NPR White House correspondent Ari Shapiro doesn't stand for our national anthem and won't recite the Pledge of Allegiance. Why? Because he places his position as a "journalist" above love of county. But, one wonders, does Shapiro understand that without this country he wouldn't be free to be a journalist?
On his NPR blog, Shapiro was thoroughly pleased with himself for imagining that a job was more important than his country, so much so that he thought enlightening the world with the debate on his Twitter account over his lack of patriotism was warranted.
The NPR reporter noted that at a recent Romney rally he was one of a few people who refused to stand for the Pledge of Allegiance. He proceeded to tweet about his disinterest in demonstrating loyalty to our flag and quickly found that many of his followers agreed with him.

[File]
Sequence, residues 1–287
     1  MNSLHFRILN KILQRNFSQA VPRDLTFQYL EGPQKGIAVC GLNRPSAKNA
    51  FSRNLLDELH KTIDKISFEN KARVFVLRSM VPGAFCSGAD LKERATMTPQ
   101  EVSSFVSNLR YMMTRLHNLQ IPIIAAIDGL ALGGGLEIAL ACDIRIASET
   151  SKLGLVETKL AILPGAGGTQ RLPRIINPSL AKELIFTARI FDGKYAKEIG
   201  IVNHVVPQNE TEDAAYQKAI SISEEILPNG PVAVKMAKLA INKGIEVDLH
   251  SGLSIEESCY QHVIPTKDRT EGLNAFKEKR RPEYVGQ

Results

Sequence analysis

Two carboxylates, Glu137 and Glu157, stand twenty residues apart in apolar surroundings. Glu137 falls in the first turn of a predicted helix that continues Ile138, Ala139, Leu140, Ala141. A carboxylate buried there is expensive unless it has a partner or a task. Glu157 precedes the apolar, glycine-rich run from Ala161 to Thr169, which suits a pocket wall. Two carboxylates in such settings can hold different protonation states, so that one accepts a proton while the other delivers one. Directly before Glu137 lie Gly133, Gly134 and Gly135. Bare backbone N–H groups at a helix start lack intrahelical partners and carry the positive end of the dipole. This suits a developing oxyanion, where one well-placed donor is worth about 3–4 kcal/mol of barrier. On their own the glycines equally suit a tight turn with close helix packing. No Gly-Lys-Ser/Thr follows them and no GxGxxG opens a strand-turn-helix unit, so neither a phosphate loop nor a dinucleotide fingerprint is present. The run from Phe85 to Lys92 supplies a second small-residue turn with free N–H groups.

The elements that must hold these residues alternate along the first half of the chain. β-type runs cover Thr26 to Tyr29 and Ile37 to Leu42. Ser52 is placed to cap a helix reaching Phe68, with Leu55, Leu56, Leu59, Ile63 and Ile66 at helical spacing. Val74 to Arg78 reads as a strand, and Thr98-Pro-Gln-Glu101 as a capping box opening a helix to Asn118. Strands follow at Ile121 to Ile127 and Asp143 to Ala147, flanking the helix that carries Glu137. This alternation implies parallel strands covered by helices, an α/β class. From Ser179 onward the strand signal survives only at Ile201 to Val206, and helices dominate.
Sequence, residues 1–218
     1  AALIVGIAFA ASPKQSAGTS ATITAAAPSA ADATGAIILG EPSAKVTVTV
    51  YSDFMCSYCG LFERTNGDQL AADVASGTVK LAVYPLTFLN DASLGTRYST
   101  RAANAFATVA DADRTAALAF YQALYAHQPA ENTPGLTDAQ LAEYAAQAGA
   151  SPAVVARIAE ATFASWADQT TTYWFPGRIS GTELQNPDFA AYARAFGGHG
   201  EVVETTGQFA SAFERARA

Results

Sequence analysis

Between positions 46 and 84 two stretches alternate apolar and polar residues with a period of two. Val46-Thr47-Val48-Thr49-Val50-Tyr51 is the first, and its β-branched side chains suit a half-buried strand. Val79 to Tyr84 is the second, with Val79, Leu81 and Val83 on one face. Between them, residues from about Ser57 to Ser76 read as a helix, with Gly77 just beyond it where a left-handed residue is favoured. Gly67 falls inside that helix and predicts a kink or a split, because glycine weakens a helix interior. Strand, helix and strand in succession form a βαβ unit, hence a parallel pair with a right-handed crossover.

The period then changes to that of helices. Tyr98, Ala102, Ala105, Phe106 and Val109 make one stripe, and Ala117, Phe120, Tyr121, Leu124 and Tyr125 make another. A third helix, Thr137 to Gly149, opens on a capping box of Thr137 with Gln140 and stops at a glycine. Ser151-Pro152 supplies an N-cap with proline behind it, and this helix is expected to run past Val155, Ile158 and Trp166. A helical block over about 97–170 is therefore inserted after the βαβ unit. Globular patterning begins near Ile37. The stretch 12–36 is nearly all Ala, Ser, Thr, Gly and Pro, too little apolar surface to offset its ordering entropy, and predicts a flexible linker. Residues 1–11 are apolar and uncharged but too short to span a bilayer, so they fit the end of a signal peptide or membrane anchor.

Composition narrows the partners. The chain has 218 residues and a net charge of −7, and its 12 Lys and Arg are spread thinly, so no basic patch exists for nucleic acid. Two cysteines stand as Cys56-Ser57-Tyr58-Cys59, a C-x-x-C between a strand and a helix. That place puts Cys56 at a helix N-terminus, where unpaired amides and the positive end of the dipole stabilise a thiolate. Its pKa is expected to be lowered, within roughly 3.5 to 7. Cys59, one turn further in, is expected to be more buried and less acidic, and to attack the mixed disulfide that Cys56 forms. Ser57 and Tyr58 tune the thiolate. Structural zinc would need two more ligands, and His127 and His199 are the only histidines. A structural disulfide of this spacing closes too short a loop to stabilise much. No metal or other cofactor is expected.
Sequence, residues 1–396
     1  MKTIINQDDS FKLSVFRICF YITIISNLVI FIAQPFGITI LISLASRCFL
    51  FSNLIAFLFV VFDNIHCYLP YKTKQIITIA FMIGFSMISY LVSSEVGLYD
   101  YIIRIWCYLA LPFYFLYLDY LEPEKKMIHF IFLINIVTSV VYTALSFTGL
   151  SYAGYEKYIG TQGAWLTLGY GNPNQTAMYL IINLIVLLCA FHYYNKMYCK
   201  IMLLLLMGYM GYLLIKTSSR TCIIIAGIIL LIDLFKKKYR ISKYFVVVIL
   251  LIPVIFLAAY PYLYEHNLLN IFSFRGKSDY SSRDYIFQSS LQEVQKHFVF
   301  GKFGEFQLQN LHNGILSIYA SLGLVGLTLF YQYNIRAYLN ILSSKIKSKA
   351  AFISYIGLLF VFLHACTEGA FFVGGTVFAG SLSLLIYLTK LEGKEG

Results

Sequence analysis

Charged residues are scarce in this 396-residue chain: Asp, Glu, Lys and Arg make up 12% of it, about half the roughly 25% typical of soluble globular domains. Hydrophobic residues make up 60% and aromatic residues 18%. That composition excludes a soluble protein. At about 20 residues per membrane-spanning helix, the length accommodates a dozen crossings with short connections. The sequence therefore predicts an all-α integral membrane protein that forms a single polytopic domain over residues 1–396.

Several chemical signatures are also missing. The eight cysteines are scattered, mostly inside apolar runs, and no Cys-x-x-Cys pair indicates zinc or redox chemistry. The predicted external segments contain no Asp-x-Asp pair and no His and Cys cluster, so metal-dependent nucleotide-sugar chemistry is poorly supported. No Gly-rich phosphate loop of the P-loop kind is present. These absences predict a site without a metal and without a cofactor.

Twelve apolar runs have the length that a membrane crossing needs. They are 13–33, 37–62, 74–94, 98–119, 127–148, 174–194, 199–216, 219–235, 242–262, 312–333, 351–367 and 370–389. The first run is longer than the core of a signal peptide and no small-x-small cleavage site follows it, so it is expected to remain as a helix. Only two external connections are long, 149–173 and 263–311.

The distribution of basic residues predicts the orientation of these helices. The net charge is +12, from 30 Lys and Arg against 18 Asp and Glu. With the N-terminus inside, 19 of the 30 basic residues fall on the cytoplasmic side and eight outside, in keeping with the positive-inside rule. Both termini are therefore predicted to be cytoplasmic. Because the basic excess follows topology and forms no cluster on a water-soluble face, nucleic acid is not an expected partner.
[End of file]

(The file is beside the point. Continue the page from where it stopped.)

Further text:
Surely a (somewhat) public figure in American life wouldn't want to advertise such a lack of respect for our traditions, but there was a method to Shapiro's madness. You see, Shapiro had a goal in mind for his piece. It comes at its end: he takes the opportunity to bash Romney for politicizing the Pledge. Clearly, Irony is not Mr. Shapiro's strong-suit.
Of course, Shapiro has become an expert at bashing Romney. You may recall back in the first week of August when Shapiro helped mold NPR's coverage into an Obama Super PAC-style advertisement for the President's reelection by logging a very misleading report on Romney's tax ideas.
But more outrageously, it was Ari Shapiro who was one of those "reporters" caught on an open mic colluding with each other on the best way to attack Mitt Romney over his statement on Egypt on August 12.
Shapiro may not stand for the Pledge of Allegiance, but he won't sit down when there's bashing of Republicans to be done.